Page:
Most helpful positive review
44 of 45 people found the following review helpful
Performs a lot better than it should for the price - very nice lens !
on 6 August 2014
I'm writing this review as a long-time user of micro four thirds products and as a part-time pro photog who mainly uses a Sony DSLR/SLT setup. I have shot telephoto lenses for around 30 years now on film and digital. The 70/5-300 on DSLRs has tended to be a maligned lens because it is traditionally a fairly cheap and cheerful 'kit' kind of lens that folks often buy who don't care too much about ultimate image quality. I can certainly vouch for OEM and Sigma/Tamron 70-300s to be very mediocre - once you get to about 180mm+ they lose massive amounts of contrast and resolution and the build quality is often pretty low, with slow AF to boot. But reviews of this little m 4/3 lens are interesting - some say it is good but not great, some say it is good up to 200mm, some say it is mediocre and out-gunned by the more expensive Panasonic Lumix 100-300 lens for m 4/3.
Here is my own take - it's early days yet, but after a few 100 test shots, my conclusions are: lightweight and compact for a zoom of this size, as you would expect for a m 4/3 lens; might be a little unwieldy on a very small m 4/3 camera body when fully extended at 300mm (e.g. on an EPL5 or GM1) but on my EM5 it balances very well; feels quite solid in the hand and is 'made in Japan' - nice!; zoom action is just right - not too stiff, not too sloppy, no zoom creep experienced so far; AF not as snappy as a prime or smaller range zooms, but not overly sluggish either on my EM5 - about what I expected; AF-C not great at keeping up with moving targets, but that is more a limitation of the EM5 AF system and is not really the forte of micro four thirds - only the GH4 really starts to catch up with DSLRs when it comes to AF-C in my experience.
But what has really astonished me is the IQ - at 300mm my test shots show very good resolution and contrast - I was stunned to see that images from this lens and my EM5 match those from my Sony 70-400G lens (mounted on a Sony a57 or a77 SLT camera body) for contrast and sharpness - that Sony lens is a £1500 lens by the way ! Now I may have just been lucky and obtained a very good copy of the Olympus lens, and I do have a lot of years experience of handholding tele lenses to fall back on, but even so, this really surprised me. The quality of images from this lens far surpasses those from any other 70-300 or 75-300 I have ever come across on any system so far. If you have ever had, like I have, a Tamron 70-300 or one of those Tamron superzooms like a 28-300, the long end of this Olympus produces images far in excess of the quality of those produced by those other lenses.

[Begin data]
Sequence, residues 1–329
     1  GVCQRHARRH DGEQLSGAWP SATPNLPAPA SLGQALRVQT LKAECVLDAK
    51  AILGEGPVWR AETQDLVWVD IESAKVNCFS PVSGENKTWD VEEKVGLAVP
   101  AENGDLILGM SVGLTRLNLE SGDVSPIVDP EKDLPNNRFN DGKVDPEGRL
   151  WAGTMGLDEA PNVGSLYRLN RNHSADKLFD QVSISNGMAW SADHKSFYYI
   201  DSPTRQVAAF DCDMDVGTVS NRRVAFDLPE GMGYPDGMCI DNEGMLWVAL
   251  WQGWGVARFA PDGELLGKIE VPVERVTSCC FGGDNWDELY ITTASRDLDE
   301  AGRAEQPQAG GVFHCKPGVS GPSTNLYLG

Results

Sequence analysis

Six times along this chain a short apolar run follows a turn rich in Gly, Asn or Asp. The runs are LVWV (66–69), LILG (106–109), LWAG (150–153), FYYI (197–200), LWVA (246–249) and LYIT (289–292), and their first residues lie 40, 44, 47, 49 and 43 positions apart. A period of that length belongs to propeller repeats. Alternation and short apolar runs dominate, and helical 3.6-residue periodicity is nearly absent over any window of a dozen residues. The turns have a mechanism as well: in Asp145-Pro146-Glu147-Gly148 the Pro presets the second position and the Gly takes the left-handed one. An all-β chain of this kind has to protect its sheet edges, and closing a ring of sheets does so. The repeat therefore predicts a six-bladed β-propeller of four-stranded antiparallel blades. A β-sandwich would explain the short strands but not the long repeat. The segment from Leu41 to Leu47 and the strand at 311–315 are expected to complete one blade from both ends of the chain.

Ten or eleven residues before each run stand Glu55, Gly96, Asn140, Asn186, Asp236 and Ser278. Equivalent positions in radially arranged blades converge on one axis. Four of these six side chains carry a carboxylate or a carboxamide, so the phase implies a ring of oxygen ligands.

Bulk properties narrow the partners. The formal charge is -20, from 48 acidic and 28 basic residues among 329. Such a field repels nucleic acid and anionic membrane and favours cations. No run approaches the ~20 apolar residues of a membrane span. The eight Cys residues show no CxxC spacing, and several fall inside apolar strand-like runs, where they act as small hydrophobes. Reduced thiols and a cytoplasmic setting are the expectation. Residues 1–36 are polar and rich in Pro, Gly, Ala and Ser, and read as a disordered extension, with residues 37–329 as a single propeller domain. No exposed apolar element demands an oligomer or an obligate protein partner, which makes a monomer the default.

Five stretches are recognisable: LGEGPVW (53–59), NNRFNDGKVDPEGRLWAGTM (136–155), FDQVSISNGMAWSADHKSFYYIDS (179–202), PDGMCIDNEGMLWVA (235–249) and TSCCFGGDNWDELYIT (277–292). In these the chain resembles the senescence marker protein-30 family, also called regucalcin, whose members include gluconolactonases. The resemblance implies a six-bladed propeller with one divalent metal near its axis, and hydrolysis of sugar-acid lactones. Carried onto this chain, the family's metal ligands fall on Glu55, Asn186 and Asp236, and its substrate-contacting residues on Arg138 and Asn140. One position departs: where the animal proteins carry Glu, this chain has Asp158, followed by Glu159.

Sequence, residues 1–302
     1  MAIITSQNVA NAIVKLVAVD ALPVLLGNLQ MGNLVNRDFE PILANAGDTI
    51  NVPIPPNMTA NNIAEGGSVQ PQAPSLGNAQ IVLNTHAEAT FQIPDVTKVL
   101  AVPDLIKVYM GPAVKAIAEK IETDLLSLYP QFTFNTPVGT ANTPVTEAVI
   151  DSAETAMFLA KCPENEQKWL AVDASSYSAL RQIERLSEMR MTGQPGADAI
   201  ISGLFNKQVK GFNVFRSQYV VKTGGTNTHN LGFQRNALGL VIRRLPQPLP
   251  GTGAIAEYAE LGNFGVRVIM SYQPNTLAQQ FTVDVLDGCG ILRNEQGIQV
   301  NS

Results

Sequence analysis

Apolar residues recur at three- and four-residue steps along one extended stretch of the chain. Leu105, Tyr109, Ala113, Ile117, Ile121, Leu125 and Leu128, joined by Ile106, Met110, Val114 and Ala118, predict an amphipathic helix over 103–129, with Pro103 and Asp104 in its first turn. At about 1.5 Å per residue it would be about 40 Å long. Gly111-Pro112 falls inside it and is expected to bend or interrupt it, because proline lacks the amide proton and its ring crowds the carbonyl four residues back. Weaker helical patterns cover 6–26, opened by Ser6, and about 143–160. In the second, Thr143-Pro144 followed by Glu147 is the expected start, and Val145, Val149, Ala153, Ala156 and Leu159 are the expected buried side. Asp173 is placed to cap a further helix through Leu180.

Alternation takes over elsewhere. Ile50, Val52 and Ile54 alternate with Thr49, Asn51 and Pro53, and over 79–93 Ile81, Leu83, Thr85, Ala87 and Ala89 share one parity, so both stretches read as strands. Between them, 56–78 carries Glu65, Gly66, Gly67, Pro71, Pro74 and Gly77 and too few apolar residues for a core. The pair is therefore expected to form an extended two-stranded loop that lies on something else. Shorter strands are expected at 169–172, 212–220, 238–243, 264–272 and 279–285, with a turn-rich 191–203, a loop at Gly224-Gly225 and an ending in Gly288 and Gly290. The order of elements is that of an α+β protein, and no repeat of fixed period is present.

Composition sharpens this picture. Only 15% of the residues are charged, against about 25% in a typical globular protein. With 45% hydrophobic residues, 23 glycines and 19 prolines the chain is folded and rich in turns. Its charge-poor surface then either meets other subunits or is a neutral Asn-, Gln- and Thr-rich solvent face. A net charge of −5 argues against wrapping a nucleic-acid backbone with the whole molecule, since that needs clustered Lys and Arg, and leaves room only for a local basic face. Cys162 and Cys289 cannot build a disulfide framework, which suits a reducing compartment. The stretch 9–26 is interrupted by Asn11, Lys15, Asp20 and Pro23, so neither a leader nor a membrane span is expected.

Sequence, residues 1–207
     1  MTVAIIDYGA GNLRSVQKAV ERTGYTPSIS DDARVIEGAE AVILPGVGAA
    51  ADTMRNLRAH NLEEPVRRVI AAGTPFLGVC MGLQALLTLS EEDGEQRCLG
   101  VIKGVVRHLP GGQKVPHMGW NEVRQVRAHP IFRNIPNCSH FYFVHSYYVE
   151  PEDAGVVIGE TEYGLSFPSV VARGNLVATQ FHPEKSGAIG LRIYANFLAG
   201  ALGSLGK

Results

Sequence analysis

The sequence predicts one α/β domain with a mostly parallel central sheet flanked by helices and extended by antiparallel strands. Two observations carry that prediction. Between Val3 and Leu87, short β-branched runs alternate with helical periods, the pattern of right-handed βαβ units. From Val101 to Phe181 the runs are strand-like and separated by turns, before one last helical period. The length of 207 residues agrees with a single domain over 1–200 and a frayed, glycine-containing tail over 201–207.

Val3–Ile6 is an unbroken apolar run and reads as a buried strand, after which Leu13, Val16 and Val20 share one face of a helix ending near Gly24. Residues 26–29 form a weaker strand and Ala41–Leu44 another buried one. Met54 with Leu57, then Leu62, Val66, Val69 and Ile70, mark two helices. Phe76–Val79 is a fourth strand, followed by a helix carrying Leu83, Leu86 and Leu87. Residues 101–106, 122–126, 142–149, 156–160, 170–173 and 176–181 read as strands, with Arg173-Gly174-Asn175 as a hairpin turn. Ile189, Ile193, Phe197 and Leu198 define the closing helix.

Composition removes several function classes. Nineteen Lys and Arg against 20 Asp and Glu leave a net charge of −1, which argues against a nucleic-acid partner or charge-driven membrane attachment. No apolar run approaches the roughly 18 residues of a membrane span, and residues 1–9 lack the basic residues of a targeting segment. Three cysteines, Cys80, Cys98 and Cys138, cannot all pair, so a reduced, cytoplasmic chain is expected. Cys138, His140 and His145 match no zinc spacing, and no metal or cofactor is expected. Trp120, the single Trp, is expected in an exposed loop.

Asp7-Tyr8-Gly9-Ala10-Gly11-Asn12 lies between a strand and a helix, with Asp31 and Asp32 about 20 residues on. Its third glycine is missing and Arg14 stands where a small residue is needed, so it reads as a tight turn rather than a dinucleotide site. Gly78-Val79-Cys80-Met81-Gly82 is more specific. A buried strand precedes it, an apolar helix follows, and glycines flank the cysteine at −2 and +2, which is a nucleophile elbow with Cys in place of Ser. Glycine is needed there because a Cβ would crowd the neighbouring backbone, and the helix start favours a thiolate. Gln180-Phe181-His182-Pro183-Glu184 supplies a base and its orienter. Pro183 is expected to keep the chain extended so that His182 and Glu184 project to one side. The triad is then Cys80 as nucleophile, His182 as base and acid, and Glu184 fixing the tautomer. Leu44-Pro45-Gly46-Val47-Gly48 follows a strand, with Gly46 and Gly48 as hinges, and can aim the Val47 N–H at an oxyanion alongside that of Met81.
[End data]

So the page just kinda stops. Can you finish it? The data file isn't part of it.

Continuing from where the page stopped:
Now of course you do need good technique when using a lens like this at the long end. On a m 4/3 system the 35mm equivalent focal length is X 2, so it it 150mm-600mm 35mm equivalent. Handholding a 600mm equivalent lens, even one quite small and light like this one, takes practice and patience to perfect. The IBIS on the EM5 is good of course, but you still need to treat a 300mm lens with respect. My test shots handheld at 1/500 shutter speed were very crisp at the 300mm end - I imagine on a tripod with IBIS turned off they would be even more impressive. I should also say I was very impressed by the low levels of purple fringing and chromatic aberration - again, much lower levels than I have seen on some much more expensive tele lenses on DSLR systems.
So, in conclusion, this lens was a real eye-opener for me - much, much sharper at the long end than I expected it to be. I have never owned the rival Panasonic 100-300 but I have owned the Panasonic 45-200 and this lens blows that one out of the water by quite some margin. And as I said above, it gives very expensive DSLR lenses like the Sony 70-400G a run for their money, even though on paper it shouldn't. I should add I also have a Tamron 70-200mm f2.8 lens - a lens that costs about £900, and again, this little Oly is as sharp as that lens - really impressive especially for the price.
This is therefore a great lens for wildlife. Is it a great lens for sports, action, air shows etc? Well once micro four thirds camera bodies have good AF-C and tracking capabilities it will be - for now, only really the GH4 offers that. So action shots will always be a bit challenging, but there certainly are users out there who are using this lens on m 4/3 and getting good action shots, so it can be done.
I can't recommend this lens highly enough in conclusion - it punches well above its weight. Shame on Olympus for not supplying a lens hood for free though - while many report the coatings on this lens make it very resistant to flare and ghosting, I would never use a long tele lens without a hood - I ended up buying a collapsible rubber hood sold on here and made by Hoya - you can, of course, buy other third party hoods or the over-priced official Olympus one. Looks like Oly have started supplying hoods with their more recent lens models..finally !